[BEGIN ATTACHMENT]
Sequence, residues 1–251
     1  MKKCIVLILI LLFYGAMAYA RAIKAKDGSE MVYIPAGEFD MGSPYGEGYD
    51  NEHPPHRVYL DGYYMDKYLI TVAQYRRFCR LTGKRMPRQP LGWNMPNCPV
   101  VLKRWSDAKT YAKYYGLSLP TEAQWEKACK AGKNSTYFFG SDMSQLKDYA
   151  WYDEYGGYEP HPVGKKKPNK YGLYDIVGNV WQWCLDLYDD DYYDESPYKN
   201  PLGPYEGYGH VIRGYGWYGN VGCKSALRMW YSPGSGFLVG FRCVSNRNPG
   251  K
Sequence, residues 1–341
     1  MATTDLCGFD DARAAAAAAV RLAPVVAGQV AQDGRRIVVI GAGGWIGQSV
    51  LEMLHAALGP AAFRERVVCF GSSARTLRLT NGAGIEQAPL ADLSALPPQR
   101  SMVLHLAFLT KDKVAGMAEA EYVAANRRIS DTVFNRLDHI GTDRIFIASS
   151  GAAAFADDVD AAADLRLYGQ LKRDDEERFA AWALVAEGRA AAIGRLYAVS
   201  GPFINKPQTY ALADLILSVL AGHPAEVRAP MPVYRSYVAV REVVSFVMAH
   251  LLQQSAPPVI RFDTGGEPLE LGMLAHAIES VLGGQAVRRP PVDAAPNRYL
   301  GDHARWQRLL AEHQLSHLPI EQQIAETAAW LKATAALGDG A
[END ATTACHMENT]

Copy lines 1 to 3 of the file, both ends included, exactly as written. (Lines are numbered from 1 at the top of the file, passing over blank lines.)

Sequence, residues 1–251
     1  MKKCIVLILI LLFYGAMAYA RAIKAKDGSE MVYIPAGEFD MGSPYGEGYD
    51  NEHPPHRVYL DGYYMDKYLI TVAQYRRFCR LTGKRMPRQP LGWNMPNCPV